He is a thoroughly modern man in some of his iterations, a man of power and property. He’s a rich, titled, bourgeois art-thief in 1970s Paris, selling foundational objects of Western civilisation such as Gutenberg Bibles to fund his capers. He is one of the Borgias, or at least part of their coterie, acting as patron (i.e. employer and paymaster) to Leonardo, getting him to paint multiple copies of his portrait of Lisa Gheradini; copies which can then be hidden, so that his future self can unearth them. “A very nice piece of capital investment” as the Doctor puts it… a view that Scaroth can only take because he is part of modernity, from the Early Modern period which saw the rise of banking and commerce, to Late Capitalism which sees the commercialisation of absolutely everything. The irony which unites these eras along a single trajectory is the joke that, in this case, it was Leonardo himself who was payed/forced to begin the process of endless copying, reproduction and proliferation. All the copies are ‘real’, sharing an aura, made valuable by the same labour power of the same man… yet this wouldn’t cut any ice with the collectors of the 1970s.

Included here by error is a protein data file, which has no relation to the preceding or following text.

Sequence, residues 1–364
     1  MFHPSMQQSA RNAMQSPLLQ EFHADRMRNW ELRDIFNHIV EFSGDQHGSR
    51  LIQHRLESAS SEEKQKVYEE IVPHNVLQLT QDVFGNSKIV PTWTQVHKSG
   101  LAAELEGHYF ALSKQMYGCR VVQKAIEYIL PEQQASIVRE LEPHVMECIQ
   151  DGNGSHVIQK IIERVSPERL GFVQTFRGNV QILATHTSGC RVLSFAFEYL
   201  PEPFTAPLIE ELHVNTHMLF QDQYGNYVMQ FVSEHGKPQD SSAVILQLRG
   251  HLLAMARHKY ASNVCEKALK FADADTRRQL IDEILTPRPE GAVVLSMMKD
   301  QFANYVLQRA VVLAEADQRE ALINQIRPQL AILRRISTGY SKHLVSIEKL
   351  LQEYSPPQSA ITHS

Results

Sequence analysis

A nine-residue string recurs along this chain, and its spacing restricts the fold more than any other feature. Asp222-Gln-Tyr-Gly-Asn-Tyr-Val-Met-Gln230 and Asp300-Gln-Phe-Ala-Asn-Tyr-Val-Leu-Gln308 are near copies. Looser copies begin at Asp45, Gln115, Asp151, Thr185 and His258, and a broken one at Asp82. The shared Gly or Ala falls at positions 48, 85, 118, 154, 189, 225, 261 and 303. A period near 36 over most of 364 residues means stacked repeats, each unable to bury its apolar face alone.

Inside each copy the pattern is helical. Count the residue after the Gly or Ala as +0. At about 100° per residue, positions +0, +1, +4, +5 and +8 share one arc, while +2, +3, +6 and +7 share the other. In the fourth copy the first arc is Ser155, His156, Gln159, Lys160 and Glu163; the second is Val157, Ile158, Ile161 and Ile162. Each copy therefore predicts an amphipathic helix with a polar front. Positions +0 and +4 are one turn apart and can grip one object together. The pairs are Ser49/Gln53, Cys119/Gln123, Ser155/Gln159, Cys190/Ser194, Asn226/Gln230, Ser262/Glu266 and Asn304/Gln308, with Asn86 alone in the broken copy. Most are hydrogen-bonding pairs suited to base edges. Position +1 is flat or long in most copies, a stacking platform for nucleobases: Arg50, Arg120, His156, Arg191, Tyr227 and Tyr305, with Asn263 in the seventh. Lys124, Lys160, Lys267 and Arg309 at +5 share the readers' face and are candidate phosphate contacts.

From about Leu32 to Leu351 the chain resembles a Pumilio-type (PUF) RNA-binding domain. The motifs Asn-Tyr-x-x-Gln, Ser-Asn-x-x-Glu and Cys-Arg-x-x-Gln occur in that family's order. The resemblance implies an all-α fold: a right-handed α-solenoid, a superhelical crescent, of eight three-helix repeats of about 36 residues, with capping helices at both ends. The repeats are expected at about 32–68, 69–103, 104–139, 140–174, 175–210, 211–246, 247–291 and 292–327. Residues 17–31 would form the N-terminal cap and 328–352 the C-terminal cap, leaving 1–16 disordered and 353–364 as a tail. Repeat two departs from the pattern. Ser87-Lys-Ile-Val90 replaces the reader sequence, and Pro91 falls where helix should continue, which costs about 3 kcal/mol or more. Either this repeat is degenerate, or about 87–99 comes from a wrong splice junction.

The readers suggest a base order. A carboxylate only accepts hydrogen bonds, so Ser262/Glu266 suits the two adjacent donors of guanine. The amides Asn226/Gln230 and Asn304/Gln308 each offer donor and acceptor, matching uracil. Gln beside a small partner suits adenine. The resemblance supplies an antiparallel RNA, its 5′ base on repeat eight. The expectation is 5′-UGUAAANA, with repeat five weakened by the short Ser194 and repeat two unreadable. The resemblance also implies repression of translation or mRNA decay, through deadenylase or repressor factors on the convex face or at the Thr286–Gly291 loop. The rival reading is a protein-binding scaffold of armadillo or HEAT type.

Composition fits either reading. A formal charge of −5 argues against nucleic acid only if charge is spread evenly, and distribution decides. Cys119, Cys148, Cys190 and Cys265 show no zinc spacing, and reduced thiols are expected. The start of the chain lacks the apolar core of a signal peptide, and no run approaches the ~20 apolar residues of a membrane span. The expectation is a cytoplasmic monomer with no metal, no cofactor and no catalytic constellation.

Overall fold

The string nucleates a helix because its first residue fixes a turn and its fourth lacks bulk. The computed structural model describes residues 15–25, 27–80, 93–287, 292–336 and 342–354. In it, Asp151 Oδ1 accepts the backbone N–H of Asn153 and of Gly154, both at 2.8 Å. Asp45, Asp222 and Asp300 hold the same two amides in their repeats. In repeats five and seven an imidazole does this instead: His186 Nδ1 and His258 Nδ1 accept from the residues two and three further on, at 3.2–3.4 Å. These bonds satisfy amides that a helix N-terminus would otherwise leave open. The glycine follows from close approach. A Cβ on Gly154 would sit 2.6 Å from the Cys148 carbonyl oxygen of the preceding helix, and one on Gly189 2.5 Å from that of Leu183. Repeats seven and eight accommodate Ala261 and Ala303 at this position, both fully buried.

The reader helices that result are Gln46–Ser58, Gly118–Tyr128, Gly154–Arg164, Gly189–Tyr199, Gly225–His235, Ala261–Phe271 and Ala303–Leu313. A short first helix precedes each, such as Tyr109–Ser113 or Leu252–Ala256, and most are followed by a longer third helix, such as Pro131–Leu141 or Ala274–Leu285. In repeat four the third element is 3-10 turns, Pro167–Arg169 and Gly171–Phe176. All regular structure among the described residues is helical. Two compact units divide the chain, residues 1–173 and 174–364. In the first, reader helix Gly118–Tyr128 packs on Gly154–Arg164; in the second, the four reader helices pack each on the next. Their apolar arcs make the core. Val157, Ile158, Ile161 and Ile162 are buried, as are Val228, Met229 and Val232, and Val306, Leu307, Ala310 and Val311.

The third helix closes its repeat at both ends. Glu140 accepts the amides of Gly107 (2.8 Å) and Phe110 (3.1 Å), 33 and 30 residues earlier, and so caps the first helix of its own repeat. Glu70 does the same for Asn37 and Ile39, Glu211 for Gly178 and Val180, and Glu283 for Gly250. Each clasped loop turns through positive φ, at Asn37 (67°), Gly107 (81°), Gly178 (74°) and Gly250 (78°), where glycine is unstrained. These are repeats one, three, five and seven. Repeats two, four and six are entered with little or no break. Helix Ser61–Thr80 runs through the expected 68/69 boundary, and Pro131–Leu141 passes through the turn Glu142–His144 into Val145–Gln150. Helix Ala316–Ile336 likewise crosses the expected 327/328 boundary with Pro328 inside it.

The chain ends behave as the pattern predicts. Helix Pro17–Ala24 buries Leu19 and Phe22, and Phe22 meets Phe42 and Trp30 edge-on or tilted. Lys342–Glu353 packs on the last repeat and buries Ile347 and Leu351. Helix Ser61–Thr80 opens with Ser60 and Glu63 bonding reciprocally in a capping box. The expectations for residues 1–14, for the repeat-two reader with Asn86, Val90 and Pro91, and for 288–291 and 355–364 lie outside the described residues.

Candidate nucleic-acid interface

Scaroth’s plan to reunite himself depends upon raising enough money to fund time experiments… and he plans to do this by selling the Mona Lisa seven times over, each to a buyer who thinks he’s getting ‘the original’ (which, in a way, they would be!). But his scheme depends upon his ability to push humanity towards modernity – i.e. capitalism – because it is modernity that brings not only the necessary level of scientific and technical skill to make time travel possible, but also the rise of mass-reproduction, and thus the destruction of aura and the commodification of authenticity. Scaroth thinks of himself as pushing mankind on the path of progress… but his planned terminus of this progress is his reintegration at the cost of our annihilation.
Scaroth is a concentrated bundle of the nightmares of history. Borgia and bourgeois. Ruler, inscribing himself in the friezes telling the stories of the pharaohs. Warlord. “Insanely wealthy man.” User and abuser of science via his ability to fund it. User and abuser of a wife who never really knew who he was underneath. Bringer of technological doom. Owner and destroyer of aura. A suave, handsome shell; a staring eye and a mass of writhing worms beneath.
He recalls another of Walter Benjamin’s works: ‘On the Concept of History‘, which is all about how the ‘cultural heritage’ is formed from the spoils of rulers who march onwards towards a future strewn with broken wreckage.